The tension between Muslims, the dominant religion, and Christians, the largest religious minority group, in Indonesia is coming to the fore with the open accusations by Islamic organizations in Bekasi, a town outside Jakarta, that churches have been aggressively converting Muslims in droves.
The Muslim groups, which include the local branch of the traditionally moderate Nahdlatul Ulama (NU) as well as the militant Front for Islamic Defenders (FPI), declared war against evangelism at the end of their congress in June. They set up a task force empowered to stop "Christianization" of Muslims in the township.
The congress would not have raised so much of an eyebrow if this was an affair involving the usual suspects like the FPI, which have of late been waging a "jihad" against people of other religions, including razing and vandalizing churches, harassing Christian masses, and attacking "misguided" Islamic sects like the Ahmadiyah. Militant, and at times destructive, these groups have never been seen as representing the mainstream Muslims in Indonesia, and most people would applaud if and when police stopped them from their violent behavior.
But the presence of NU representatives in the Bekasi congress, and the virtual silence of its national leaders as well as of other Muslim leaders who have taken part in many interfaith dialogues in the past, suggests their complicity if not of their shared concern about the activities of Christian evangelism in the country.
This could spell trouble for the relations between the religious communities in Indonesia, and raises questions about the effectiveness and sincerity of these interfaith dialogues, which were supposedly designed to build understandings and dispel mutual fears and suspicions between people of different faiths.
One of the criticisms about these dialogues is that they almost always involved the same leaders. Familiarity certainly helps to improve their communication but these dialogues have mostly excluded leaders of the more vocal or radical groups.
But any notion that the dialogues merely serve to preach the converted may also be far-fetching, as the Bekasi episode now shows. What guarantees do we have that those who participated in interfaith dialogues had seriously carried the message of peace when they went back to their flocks?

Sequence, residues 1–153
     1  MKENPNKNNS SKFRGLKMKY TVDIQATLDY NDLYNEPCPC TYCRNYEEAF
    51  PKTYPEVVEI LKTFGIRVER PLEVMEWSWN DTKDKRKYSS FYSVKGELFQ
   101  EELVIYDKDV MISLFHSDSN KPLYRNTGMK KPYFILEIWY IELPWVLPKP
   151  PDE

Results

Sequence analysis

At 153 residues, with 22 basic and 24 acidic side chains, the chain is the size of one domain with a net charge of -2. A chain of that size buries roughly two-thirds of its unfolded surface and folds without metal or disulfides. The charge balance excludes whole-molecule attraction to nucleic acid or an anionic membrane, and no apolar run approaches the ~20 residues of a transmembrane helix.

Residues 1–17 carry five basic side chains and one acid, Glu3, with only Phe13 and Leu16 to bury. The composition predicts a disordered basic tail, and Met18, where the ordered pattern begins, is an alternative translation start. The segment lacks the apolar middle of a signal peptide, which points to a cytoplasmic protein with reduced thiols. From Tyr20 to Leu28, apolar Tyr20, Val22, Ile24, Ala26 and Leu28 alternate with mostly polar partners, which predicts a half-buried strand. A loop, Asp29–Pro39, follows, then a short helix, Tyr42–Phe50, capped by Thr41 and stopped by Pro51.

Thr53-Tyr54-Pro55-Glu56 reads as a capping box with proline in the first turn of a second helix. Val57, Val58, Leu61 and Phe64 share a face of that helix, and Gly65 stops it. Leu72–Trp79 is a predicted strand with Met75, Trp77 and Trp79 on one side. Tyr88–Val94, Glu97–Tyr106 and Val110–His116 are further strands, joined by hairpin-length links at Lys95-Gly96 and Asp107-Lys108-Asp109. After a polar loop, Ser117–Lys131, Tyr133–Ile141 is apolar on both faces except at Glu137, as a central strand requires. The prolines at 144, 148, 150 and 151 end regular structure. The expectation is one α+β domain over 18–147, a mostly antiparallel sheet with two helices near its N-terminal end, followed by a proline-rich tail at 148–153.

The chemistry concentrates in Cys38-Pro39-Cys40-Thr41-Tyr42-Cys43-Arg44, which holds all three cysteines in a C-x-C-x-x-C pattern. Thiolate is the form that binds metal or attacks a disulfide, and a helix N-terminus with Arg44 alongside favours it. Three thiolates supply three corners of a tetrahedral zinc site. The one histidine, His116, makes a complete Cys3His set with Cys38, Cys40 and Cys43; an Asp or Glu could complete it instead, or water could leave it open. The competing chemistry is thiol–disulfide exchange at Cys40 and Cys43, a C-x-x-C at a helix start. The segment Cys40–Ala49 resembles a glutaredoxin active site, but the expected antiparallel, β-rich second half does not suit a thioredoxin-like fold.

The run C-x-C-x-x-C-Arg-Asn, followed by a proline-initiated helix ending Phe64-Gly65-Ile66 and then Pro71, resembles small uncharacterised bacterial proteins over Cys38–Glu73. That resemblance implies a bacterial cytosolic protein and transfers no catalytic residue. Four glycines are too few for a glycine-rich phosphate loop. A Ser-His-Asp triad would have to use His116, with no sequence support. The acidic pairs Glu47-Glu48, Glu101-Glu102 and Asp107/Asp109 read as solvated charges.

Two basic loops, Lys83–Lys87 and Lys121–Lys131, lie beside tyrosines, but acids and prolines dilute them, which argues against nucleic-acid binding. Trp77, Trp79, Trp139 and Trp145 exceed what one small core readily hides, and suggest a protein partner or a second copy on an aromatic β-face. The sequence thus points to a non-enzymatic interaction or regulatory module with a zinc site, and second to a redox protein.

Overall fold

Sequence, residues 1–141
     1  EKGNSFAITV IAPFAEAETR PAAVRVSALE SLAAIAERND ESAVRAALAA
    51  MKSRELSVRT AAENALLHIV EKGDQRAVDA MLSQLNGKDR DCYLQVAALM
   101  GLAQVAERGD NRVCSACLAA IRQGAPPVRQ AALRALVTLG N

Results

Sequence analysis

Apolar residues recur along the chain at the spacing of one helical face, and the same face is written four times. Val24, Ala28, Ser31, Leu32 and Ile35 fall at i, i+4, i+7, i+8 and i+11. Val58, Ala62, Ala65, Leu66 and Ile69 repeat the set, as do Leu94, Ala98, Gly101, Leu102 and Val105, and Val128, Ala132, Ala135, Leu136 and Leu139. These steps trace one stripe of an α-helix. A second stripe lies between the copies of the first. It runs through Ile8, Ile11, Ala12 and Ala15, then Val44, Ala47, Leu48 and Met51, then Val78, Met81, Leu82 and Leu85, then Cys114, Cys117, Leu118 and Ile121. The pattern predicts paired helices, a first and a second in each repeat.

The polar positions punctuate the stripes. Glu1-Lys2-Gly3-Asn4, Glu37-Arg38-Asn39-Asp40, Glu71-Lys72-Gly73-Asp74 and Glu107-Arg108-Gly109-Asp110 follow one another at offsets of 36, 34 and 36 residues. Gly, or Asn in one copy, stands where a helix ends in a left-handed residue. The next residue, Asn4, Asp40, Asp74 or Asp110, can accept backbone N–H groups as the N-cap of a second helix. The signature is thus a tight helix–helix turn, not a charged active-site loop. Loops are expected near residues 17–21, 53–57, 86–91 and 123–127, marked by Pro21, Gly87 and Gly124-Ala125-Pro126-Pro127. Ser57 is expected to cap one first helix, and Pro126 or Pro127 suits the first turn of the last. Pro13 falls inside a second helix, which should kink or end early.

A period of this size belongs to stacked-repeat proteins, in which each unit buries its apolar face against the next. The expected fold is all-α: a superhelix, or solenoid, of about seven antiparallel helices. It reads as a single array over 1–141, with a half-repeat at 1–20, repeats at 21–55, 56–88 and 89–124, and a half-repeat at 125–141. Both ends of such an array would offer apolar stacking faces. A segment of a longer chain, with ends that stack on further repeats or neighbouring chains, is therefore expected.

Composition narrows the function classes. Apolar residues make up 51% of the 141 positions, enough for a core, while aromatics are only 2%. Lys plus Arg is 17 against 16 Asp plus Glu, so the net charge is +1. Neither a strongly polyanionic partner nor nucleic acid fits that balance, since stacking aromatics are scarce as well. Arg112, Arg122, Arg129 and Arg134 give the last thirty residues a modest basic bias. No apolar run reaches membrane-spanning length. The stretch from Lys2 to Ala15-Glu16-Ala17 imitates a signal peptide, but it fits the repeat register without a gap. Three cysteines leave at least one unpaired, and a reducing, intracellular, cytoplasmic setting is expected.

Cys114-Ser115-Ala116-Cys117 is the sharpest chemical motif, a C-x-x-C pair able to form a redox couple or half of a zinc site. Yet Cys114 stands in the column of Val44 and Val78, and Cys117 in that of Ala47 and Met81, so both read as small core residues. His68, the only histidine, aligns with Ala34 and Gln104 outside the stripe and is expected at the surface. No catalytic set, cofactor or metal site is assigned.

The Bekasi affair has opened up the Pandora Box of the fierce competition between different religious organizations in the battle for the soul of Indonesians, particularly between Islam and Christianity. With the 1945 Constitution guaranteeing freedom of faith, there isn't any law that can stop any religious organizations from conducting their propagation activities with the aim of saving human souls.
A government regulation issued in 1978 forbids any attempt to convert people who already have a religion. This virtually limits evangelism in Indonesia to the eastern province of Papua, where Christian missionaries have been most active. But the regulation does not carry weight as it contravenes the constitution and it has been virtually ignored by all religious organizations, Christians and Muslims alike.
Mosques, churches, and to a lesser extent, temples, have seen their share of converting people into their religions without any interference from the state, in Jakarta as in most other cities across the archipelago. There are no statistics to show who is winning the battle, but Muslim groups lately seem bent on stopping the conversion out of their religion. Religious conversions happen for many reasons, whether through the acts of propagation, through daily contacts or marriages, but there is nothing that the state can do about what is constitutionally regarded as the rights of individuals.
Religious propagation is mostly conducted discretely rather than openly, and this allowed the leaders of different religions to remain courteous with one another as they meet in the interfaith dialogues. Leaders of mainstream Islamic organizations were also able to distance themselves from the violent behavior by the likes of the FPI.
But the Bekasi affair, in which the Muslim groups have declared war against Christianity, and the complicity, if not the silence, of the traditionally moderate Muslim organizations, has now raised the stake. The last thing Indonesia needs is a religious war on a larger scale than the one we saw erupting in Maluku 2000.
While dialogue remains the best and probably the only course to avoid a religious confrontation in Indonesia, it is time that these religious leaders start addressing the serious issues and have a hard and serious discussion, instead of avoiding them. It would help if they were also sincere and honest in these dialogues.